Johnson v. Starwood Hotels & Resorts Worldwide, LLC, No. 1:2023cv01156 - Document 54 (S.D.N.Y. 2024)

Court Description: OPINION AND ORDER re: 32 MOTION to Dismiss filed by The Westin NY at Times Square/Marriott International. The Court dismisses the complaint for failure to state a claim on which relief may be granted. Since Johnson is proceeding pro se and has not yet had an opportunity to amend his complaint, the Court grants Johnson leave to file an amended complaint no later than August 1, 2024. The Clerk of Court is directed to amend the caption of this case to reflect the Defendant's name as "Starwood Hotels & Resorts Worldwide, LLC" and terminate Dkt. 32. SO ORDERED. ( Amended Pleadings due by 8/1/2024.) (Signed by Judge Arun Subramanian on 5/8/2024) (vfr)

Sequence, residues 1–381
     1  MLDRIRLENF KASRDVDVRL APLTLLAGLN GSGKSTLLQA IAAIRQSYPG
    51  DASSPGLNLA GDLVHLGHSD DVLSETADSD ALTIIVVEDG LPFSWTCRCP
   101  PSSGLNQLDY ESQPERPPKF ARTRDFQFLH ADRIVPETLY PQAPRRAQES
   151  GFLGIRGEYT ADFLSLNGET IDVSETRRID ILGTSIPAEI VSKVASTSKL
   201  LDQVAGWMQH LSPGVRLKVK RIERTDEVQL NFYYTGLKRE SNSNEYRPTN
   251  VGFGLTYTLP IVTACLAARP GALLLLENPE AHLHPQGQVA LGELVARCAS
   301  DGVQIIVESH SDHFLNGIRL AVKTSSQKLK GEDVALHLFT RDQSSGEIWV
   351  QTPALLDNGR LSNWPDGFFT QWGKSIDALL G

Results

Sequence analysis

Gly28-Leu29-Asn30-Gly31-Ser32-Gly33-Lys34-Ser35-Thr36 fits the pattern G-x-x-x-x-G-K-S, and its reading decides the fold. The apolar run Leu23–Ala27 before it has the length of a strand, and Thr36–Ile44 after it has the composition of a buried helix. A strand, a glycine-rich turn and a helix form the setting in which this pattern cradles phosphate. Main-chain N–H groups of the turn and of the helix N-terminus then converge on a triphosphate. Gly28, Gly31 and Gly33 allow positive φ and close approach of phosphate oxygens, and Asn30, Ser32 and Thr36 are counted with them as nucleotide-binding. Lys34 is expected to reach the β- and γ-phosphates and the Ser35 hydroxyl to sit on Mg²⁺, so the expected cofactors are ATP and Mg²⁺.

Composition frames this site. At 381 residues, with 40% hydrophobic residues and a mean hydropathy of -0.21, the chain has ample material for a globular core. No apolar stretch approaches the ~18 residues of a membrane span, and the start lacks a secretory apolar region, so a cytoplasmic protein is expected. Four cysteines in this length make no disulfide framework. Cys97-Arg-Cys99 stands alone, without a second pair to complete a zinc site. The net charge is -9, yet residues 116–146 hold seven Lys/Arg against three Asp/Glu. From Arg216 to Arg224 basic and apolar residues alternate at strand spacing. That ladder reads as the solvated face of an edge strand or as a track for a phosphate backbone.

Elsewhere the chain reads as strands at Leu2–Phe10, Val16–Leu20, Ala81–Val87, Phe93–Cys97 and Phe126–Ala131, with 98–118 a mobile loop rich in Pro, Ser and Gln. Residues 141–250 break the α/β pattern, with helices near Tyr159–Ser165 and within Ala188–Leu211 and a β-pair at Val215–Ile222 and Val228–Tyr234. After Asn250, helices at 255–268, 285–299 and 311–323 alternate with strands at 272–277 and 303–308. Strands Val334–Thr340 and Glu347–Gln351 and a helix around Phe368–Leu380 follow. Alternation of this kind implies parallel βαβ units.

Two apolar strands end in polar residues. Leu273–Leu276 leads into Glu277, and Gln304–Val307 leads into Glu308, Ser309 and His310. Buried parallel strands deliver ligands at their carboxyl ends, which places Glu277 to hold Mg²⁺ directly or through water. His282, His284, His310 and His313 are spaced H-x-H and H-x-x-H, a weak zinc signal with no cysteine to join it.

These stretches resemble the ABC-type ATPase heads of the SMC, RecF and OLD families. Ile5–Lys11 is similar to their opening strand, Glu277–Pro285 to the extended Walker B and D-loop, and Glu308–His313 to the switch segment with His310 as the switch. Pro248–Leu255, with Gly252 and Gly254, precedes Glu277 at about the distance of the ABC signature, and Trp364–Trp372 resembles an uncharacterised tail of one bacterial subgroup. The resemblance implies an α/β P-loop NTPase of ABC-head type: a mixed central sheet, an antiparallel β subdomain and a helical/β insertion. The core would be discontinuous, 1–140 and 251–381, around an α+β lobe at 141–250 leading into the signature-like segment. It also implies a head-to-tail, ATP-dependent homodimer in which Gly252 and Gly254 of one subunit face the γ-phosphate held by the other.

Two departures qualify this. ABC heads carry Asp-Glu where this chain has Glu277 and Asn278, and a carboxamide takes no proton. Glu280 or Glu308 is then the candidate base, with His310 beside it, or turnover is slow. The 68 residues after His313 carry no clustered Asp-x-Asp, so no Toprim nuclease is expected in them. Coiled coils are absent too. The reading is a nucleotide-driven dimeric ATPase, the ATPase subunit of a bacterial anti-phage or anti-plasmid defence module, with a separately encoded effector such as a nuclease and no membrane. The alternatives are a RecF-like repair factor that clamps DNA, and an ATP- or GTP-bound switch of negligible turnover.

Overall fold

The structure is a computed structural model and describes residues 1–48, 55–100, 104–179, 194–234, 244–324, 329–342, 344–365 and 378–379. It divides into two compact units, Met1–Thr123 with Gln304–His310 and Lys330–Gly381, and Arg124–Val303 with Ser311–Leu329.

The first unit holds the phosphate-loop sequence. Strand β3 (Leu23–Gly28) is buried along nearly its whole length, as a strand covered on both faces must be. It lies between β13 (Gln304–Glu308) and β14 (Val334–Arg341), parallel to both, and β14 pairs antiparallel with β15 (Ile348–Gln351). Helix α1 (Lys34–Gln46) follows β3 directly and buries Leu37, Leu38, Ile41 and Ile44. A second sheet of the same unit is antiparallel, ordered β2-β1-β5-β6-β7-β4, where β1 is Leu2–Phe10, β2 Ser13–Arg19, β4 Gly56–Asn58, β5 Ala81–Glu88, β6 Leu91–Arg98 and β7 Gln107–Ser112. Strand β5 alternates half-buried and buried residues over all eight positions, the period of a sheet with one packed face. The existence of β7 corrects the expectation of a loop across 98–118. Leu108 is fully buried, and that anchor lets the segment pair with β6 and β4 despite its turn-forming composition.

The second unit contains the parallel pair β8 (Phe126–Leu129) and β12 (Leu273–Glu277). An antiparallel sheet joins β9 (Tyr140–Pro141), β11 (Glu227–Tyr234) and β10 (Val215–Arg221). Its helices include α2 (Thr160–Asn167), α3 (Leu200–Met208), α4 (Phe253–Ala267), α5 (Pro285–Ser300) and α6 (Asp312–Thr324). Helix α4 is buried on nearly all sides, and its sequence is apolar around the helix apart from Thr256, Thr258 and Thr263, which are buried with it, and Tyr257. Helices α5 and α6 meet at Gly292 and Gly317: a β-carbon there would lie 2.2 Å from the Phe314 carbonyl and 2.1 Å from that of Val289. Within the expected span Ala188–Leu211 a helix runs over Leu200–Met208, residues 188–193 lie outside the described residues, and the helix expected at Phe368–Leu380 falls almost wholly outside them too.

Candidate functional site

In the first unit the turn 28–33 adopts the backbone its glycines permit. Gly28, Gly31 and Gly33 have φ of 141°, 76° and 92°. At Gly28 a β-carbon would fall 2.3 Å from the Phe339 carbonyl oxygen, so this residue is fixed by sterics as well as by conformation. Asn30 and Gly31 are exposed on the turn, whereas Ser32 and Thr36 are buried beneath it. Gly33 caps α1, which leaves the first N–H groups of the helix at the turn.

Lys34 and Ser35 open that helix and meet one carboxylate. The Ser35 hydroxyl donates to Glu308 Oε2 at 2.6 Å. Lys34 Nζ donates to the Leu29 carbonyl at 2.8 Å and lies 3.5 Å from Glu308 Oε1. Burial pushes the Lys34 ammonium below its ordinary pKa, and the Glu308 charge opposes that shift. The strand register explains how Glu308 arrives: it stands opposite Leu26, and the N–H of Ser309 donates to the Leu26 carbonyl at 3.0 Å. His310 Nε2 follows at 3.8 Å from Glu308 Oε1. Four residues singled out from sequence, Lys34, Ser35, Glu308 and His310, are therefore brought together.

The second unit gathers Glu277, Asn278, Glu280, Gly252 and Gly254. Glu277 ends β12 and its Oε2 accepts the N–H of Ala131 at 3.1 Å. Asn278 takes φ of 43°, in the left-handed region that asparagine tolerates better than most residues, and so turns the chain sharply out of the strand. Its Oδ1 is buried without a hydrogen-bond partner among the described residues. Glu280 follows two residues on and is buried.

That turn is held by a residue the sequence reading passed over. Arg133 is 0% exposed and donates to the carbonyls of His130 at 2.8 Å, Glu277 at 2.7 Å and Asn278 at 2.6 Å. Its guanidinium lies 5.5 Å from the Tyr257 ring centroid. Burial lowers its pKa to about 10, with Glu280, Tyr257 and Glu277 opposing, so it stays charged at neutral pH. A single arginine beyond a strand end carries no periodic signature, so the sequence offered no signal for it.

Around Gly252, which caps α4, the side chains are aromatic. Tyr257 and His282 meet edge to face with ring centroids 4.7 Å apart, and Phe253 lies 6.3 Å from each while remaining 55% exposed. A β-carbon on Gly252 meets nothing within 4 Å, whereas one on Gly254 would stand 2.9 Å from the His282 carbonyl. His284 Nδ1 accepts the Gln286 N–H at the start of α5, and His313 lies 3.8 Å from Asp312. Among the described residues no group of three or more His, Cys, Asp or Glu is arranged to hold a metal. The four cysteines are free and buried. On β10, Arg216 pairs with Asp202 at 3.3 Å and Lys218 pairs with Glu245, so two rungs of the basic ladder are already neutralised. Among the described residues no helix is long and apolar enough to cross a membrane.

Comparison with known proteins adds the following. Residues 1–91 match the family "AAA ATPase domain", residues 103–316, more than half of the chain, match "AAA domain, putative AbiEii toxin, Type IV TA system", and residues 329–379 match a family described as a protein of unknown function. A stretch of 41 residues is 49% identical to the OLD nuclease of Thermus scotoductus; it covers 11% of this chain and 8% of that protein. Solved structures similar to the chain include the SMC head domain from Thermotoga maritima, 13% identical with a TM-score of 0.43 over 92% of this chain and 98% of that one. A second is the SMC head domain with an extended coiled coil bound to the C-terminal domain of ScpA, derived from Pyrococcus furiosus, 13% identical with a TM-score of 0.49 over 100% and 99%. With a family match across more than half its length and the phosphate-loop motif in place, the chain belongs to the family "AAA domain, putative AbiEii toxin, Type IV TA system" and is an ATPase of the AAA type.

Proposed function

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Johnson v. Starwood Hotels & Resorts Worldwide, LLC Doc. 54 UNITED STATES DISTRICT COURT SOUTHERN DISTRICT OF NEW YORK JOSEPH JOHNSON, Plaintiff, 23-cv-1156 (AS) -againstTHE WESTIN NY AT TIMES SQUARE / MARRIOT INTERNATIONAL, OPINION AND ORDER Defendant. ARUN SUBRAMANIAN, United States District Judge: BACKGROUND Plaintiff Joseph Johnson, proceeding pro se, works for Defendant Starwood Hotels & Resorts Worldwide, LLC (identified in the complaint as “The Westin NY at Times Square/Marriott International”). Johnson has sued his employer, alleging violations of Title VII based on religious discrimination. Dkt. 1 at 3. He claims that he was “consistently harassed” from 2015 to 2022. Id. at 5. He also says that on January 23, 2023, he notified management that there were bad weather conditions in his neighborhood, but he was denied an accommodation. Id. at 5, 15. Johnson says this denial was unlawful. Johnson’s complaint contains little additional information and instead refers to the “binder” of over 400 pages of documents attached to the complaint. Among these documents are notes related to his weather-related accommodation request (id. at 15–24); documents related to a November 5, 2015 incident, in which another employee hit him with a car door (id. at 63, 74); and documents related to a June 30, 2022 text-message exchange with a colleague that Johnson felt mocked his religion (id. at 188–92). Johnson also attaches documentation related to his request for a religious exemption to Defendant’s COVID-19 vaccination policy and Defendant’s grant of that request. Dkt. 1-1 at 11–79. Johnson appears to allege that, despite granting his request, Defendant violated the law by requiring Johnson to test for COVID-19 twice per week instead of just once per week. Id. 1 Johnson also lists the following federal and state statutes in his complaint: 18 U.S.C. § 241, 18 U.S.C. § 2331, 15 U.S.C. § 2087, and N.Y.P.L. § 240.30. Id. at 4–5. 1 Johnson also says that Defendant “blocked [him] from log[ging] on to services for 2+ weeks” and “have not unlocked log on for services duty.” Dkt. 1 at 5. Johnson does not provide further explanation none of Johnson’s attached material appears to relate to this allegation. Since the Court has granted leave to amend, Johnson should provide further clarity as to what this allegation means and how it relates to his claims for religious discrimination. Defendant moved to dismiss Johnson’s complaint on October 4, 2023. Dkt. 32. The Court received Johnson’s opposition on March 29, 2024. Dkt. 51. Johnson’s opposition does not respond to Defendant’s arguments, but instead includes dozens of additional pages of information that he claims is evidence of discrimination. The documents appear to relate to text exchanges he had with a human-resources director, which Johnson says constitute religious discrimination. LEGAL STANDARDS To survive a motion to dismiss under Rule 12(b)(6), a complaint must contain “enough facts to state a claim to relief that is plausible on its face.” Bell Atl. Corp. v. Twombly, 550 U.S. 544, 570 (2007). A complaint need not contain “detailed factual allegations,” but must include “factual content that allows the court to draw the reasonable inference that the defendant is liable for the misconduct alleged.” Ashcroft v. Iqbal, 556 U.S. 662, 678 (2009) (citation omitted). “Where, as here, the complaint was filed pro se, it must be construed liberally to raise the strongest arguments it suggests.” Walker v. Schult, 717 F.3d 119, 124 (2d Cir. 2013) (cleaned up). Nonetheless, a pro se complaint must still state a plausible claim for relief. Id. DISCUSSION Johnson’s discrimination claims are dismissed for failure to state a claim. Title VII “requires a plaintiff asserting a discrimination claim to allege two elements: (1) the employer discriminated against him (2) because of his race, color, religion, sex, or national origin.” Vega v. Hempstead Union Free Sch. Dist., 801 F.3d 72, 85 (2d Cir. 2015). As to the first element, Johnson must point to a “disadvantageous change in an employment term or condition.” Muldrow v. City of St. Louis, 144 S. Ct. 967, 974 (2024) (internal quotations omitted). Liberally construing Johnson’s complaint, he seems to be alleging that he was harassed at work based on his religion. The complaint does not cite any instances of harassment but refers to the “binder” attached to his complaint. But much of the information attached to Johnson’s complaint relates to his disputes with individual employees and does not indicate that Defendant took adverse action (let alone any action) related to those incidents. For example, Johnson does not allege that Defendant terminated him, demoted him, or took other action based on the allegedly discriminatory text messages sent by a coworker. Nor does he claim that Defendant took any steps to change his employment based on his dispute with the coworker who hit him with a car door. Moreover, to the extent that Johnson’s claim is better understood as a hostile-workenvironment claim, this too would fail. “A hostile work environment claim requires a plaintiff to show that (1) the workplace is permeated with discriminatory intimidation, ridicule, and insult that is sufficiently severe or pervasive to alter the conditions of the victim’s employment and create an abusive working environment, and (2) a specific basis exists for imputing the conduct that created the hostile environment to the employer.” Lekettey v. City of New York, 637 F. App’x 659, 661 (2d Cir. 2016) (cleaned up). Here, Johnson has not alleged facts demonstrating that these isolated incidents with coworkers were either “severe or pervasive” or that they should be imputed to Defendant. 2 Johnson also alleges that he was required to test for COVID-19 twice per week. Johnson does not claim that he had a religious objection to COVID-19 testing. In fact, in a text message attached to his complaint, Johnson states that he was not objecting to the weekly test, which was “fair and right to[] fellow co-workers & managers.” Dkt. 1-1 at 45. Instead, Johnson takes issue with having to take more than one test per week. Even liberally construing the complaint, Johnson does not appear to be claiming that he opposed the additional testing based on his religion. Instead, Johnson’s documents indicate that he was objecting to the additional testing because he thought the policy was inconsistent with a Supreme Court decision. Id. at 47. Based on these allegations, the Court does not see how Defendant’s testing requirements constituted religious discrimination. Johnson also appears to be alleging a failure-to-accommodate claim based on Defendant’s denial of his request to change shifts on a bad-weather day. This too fails because Johnson does not allege that this requested accommodation was based on his religion. Instead, Johnson makes clear that he requested an accommodation because of the difficulty with driving to work in bad weather. So this incident does not constitute a failure to accommodate in violation of Title VII. Defendant argues that dismissal is also warranted because of Johnson’s failure to exhaust his administrative remedies. “Before an aggrieved party can assert a Title VII claim in federal court, he is generally required to exhaust the administrative remedies provided by the statute.” Duplan v. City of New York, 888 F.3d 612, 621 (2d Cir. 2018). “That is, a Title VII plaintiff generally must file a charge of discrimination with the EEOC ‘within three hundred days after the alleged unlawful employment practice occurred,’ and must then file an action in federal court within 90 days of receiving a right-to-sue letter from the agency.” Id. at 621–22 (quoting 42 U.S.C. § 2000e-5(e)(1)–(f)(1)). Johnson attaches to his complaint a right-to-sue letter dated November 18, 2022. Dkt. 1 at 8. This letter references the same charge number as his July 28, 2014 letter, in which Johnson alleged discrimination based on race and national origin. Dkt. 33-2. According to Defendant, Johnson has therefore not exhausted his administrative remedies as to allegations of religious discrimination. While Defendant may be correct, “exhaustion is an affirmative defense and as such can only be a proper basis for a motion to dismiss under Rule 12(b)(6) if failure to exhaust appears on the face of the complaint.” Frederic v. NFC Amenity Mgmt., 2018 WL 4735715, at *2 (S.D.N.Y. Sept. 28, 2018). Here, the Court is not satisfied that dismissal would be appropriate because the documents so far in the record do not concretely demonstrate a failure to exhaust. The Court also dismisses any other claims that Johnson may be bringing based on the various statutes listed in his complaint. As to criminal statutes, Johnson has “no private right of action to enforce state or federal criminal statutes.” Heicklen v. U.S. Dep’t of Homeland Sec., 2011 WL 3841543, at *15 (S.D.N.Y. Aug. 30, 2011), report and recommendation adopted, 2011 WL 4442669 (S.D.N.Y. Sept. 23, 2011); see also Storm-Eggink v. Gottfried, 409 F. App’x 426, 427 (2d Cir. 2011). And Johnson has not alleged that he performed any conduct that would place him within the protection of the Consumer Protection Safety Improvement Act (CPSI). Among other things, his employer is a hotel, but the CPSI applies only to employers who are a “manufacturer, private labeler, distributor, or retailer.” 15 U.S.C. § 2087(a). 3 One final note: the Court finds that dismissal would have also been proper under Federal Rule of Civil Procedure 8. Under Rule 8(a)(2), a complaint must contain “a short and plain statement of the claim showing that the pleader is entitled to relief.” Fed. R. Civ. P. 8(a)(2). Johnson’s complaint and the attached exhibits add up to 439 pages. Johnson’s opposition is an additional 67 pages. Moreover, the complaint “lacks organization or narrative structure and it simply fails to provide fair notice to Defendant[] due to its convoluted structure, organization, syntax, and content.” Azzarmi v. Neubauer, 2023 WL 6255678, at *3 (S.D.N.Y. Sept. 26, 2023). “The net result is that Defendant[]—and the Court—[is] left to guess about what [Johnson’s] claims are.” Douek v. Citibank, 2021 WL 3604761, at *1 (S.D.N.Y. Aug. 12, 2021). While the Court and Defendant have endeavored to liberally construe Johnson’s complaint, Johnson is warned that any subsequent complaint will be held to Rule 8’s standard. CONCLUSION The Court dismisses the complaint for failure to state a claim on which relief may be granted. Since Johnson is proceeding pro se and has not yet had an opportunity to amend his complaint, the Court grants Johnson leave to file an amended complaint no later than August 1, 2024. The Clerk of Court is directed to amend the caption of this case to reflect the Defendant’s name as “Starwood Hotels & Resorts Worldwide, LLC” and terminate Dkt. 32. SO ORDERED. Dated: May 8, 2024 New York, New York ARUN SUBRAMANIAN United States District Judge 4